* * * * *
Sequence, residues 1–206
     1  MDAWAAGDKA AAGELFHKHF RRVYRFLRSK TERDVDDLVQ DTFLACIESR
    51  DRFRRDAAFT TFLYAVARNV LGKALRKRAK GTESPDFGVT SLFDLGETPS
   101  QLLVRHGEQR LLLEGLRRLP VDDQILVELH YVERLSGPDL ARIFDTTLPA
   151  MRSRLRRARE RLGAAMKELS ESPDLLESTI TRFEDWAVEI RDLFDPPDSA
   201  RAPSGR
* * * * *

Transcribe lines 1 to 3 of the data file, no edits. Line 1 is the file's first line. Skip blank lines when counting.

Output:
Sequence, residues 1–206
     1  MDAWAAGDKA AAGELFHKHF RRVYRFLRSK TERDVDDLVQ DTFLACIESR
    51  DRFRRDAAFT TFLYAVARNV LGKALRKRAK GTESPDFGVT SLFDLGETPS